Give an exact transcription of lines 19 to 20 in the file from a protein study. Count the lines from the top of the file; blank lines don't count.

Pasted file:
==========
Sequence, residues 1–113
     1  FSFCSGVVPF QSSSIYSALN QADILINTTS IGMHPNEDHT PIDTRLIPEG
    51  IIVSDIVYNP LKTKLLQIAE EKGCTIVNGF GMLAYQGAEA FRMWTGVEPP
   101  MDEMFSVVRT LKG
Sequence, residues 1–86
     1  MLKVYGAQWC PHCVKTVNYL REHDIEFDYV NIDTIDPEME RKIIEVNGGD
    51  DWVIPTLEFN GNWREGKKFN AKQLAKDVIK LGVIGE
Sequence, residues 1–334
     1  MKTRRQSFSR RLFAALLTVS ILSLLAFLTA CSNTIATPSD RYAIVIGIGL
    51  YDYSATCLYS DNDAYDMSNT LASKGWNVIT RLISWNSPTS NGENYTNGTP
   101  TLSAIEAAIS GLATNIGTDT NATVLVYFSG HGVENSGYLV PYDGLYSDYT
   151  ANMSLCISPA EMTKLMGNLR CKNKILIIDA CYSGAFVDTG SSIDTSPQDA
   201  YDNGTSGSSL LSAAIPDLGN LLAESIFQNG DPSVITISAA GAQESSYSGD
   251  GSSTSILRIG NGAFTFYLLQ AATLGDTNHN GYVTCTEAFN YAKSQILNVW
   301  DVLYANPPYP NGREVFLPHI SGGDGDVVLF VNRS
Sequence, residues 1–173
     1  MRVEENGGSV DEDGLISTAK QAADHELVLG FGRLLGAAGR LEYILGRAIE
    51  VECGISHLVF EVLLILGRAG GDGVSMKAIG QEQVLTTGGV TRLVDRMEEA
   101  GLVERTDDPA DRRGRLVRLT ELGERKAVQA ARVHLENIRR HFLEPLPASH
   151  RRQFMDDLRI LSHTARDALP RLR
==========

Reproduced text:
   101  GLVERTDDPA DRRGRLVRLT ELGERKAVQA ARVHLENIRR HFLEPLPASH
   151  RRQFMDDLRI LSHTARDALP RLR